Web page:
Is forest insurance a relevant vector to induce adaptation efforts to climate change?
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- Cite this article as:
- Brunette, M., Couture, S. & Pannequin, F. Annals of Forest Science (2017) 74: 41. doi:10.1007/s13595-017-0639-9
• Key message
Insurance might be an efficient tool to strengthen adaptation of forest management to climate change. A theoretical model under uncertainty is proposed to highlight the effect, on adaptation decisions, of considering adaptation efforts in forest insurance contracts. Results show that insurance is relevant to increase adaptation efforts under some realistic conditions on forest owner’s uncertainty and risk preferences, and on the observability or not of adaptation efforts.
One of the challenges of forest adaptation to climate change is to encourage private forest owners to implement adaptation strategies.
We suggest the analysis of forest insurance contracts against natural hazards as a vector to promote the implementation of adaptation efforts by private forest owners.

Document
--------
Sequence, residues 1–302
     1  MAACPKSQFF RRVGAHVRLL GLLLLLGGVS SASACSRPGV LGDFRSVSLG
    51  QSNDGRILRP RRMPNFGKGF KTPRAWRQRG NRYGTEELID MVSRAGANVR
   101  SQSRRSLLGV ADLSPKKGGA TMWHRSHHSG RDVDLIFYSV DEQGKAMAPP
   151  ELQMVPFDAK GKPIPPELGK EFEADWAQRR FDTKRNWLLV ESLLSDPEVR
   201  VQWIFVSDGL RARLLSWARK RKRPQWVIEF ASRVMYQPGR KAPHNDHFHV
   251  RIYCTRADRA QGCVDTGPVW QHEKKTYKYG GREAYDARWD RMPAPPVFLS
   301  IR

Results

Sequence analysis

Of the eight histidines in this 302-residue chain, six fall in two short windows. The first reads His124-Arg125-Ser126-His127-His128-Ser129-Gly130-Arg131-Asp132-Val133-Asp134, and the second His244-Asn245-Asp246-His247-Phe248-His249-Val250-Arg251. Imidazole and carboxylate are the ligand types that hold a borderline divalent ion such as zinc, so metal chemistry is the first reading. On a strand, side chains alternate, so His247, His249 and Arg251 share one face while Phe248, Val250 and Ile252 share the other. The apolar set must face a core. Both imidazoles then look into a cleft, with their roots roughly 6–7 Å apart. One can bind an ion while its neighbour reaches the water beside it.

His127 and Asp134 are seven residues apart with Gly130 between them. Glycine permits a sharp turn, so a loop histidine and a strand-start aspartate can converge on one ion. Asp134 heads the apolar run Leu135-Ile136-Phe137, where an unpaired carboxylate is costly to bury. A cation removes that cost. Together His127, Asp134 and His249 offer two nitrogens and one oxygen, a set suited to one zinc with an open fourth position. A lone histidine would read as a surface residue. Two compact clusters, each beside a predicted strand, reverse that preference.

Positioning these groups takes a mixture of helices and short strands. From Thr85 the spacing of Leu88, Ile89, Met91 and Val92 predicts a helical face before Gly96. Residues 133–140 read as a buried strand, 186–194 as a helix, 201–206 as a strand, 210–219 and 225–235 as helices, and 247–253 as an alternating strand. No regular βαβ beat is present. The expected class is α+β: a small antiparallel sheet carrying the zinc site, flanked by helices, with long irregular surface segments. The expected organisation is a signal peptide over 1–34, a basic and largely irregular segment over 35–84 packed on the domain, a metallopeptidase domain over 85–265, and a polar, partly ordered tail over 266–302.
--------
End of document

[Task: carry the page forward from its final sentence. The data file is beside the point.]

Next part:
We propose a theoretical model of insurance economics under risk and under uncertainty.
Our results indicate that when climate change makes the probability of the occurrence of the natural event uncertain, then it may be relevant to include adaptation efforts in the insurance contract, leading to an increase in the adaptation efforts of risk-averse and uncertainty-averse forest owners. In addition, we show that the relevance of insurance as a vector to promote adaptation efforts is greater when the forest owner’s effort is unobservable by the insurer as compared to a situation of perfectly observable effort.
Under some realistic assumptions, the forest insurance contract seems to be a relevant tool to encourage forest owners to adapt to climate change.